Human Flow, Film and Talk

Thursday, August 16, 4:30pm-7:30pm
El Sindicato, Recreo 4
$75

Human Flow, Film and Talk

In a feat of extraordinary documentary filmmaking, the movie Human Flow will bring to San Miguel next week artist Ai Weiwei’s compelling examination of the migration in today’s world of millions of refugees displaced by war, persecution, extreme violence and impoverishment. One major stream of that flow moves between Latin America and the United States, and Caminamos Juntos, the San Miguel-based volunteer network that organizes support for Mexican nationals being deported from the United States, will sponsor the showing of Human Flow at Sindicato at 5 p.m. on Thursday, August 16. A donation of 75 pesos is requested of attendees.

Human Flow explores the reality of our shared humanity with those who are caught in this greatest displacement of humans since World War II. Our attention focuses on the aspirations and experiences of millions of refugees, who having lost virtually everything except life itself, find the courage to walk away from death, destruction and destitution and then respond to an incredible yearning to start life again in unknown places. In so doing, the film reveals the deeply human impulses of survival that enable the vast tide of our world’s refugees to cast yearnings for better fortune far ahead of despairing circumstances. Here we learn to appreciate and respect these heroic individuals of the 21st century who are struggling through dangerous journeys to find new homes and better lives. Government authorities and political factions living in much safer circumstances may argue over solutions or, worse, close borders and prolong the misery of displaced people. Nonetheless, whether stuck in a wretched refugee camp, crossing stormy seas in flimsy vessels or trekking through vast wastelands, this global tide of searching humanity reveals, through the artistry of this remarkable film, the extraordinary strength of individual aspiration at the root of all human history.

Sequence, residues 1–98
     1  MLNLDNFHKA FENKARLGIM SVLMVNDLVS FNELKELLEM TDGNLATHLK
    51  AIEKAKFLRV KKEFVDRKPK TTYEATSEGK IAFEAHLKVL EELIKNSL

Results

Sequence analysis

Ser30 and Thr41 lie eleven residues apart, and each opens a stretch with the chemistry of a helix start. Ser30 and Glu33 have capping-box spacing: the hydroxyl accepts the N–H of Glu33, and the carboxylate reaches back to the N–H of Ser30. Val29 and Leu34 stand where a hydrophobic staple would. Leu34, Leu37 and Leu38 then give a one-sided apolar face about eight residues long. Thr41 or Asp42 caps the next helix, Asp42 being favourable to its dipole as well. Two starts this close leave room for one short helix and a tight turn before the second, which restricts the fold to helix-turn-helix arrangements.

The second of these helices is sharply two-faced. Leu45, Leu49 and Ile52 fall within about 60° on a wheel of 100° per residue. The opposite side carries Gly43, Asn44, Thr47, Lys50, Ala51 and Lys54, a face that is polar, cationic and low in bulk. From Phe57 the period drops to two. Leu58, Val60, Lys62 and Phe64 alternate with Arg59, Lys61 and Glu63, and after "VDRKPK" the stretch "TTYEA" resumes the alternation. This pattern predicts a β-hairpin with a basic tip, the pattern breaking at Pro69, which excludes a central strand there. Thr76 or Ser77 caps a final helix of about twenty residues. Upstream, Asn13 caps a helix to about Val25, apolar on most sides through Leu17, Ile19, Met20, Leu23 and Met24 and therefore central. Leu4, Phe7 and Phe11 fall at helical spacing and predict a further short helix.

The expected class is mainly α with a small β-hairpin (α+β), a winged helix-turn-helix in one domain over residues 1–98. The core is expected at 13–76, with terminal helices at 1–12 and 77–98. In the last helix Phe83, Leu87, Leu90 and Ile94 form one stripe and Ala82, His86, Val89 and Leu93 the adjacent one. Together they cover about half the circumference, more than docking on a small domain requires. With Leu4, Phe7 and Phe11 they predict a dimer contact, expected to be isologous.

Shaped from the stories of refugees in 23 countries, and it mirrors the scope of the crisis, reaching across the globe to draw upon the talents of more than 200 artists and filmmakers. As promised by its makers, this remarkable film offers “a cinematic experience grand in scale but deeply intimate in feeling. It is a mix of poetry with hard facts, laughter with adversity, the stark and the staggeringly beautiful.”

Or, as Ai Weiwei says, “I see those people coming down to the boats as my family… As a human being, I believe any crisis or hardship that happens to another human being should be as though it is happening to us. If we don’t have that kind of trust in each other, we are deeply in trouble.”

Premiered at the Venice Film Festival last year and featured at the 2017 Telluride Film Festival, Human Flow, an Amazon Studios release, arrives in San Miguel through the special effort of Mario Lopez, a leader of Caminamos Juntos, who will also lead the audience in a discussion of the film’s unique combination of artistry and crisis documentation after the showing.

Joseph Plummer

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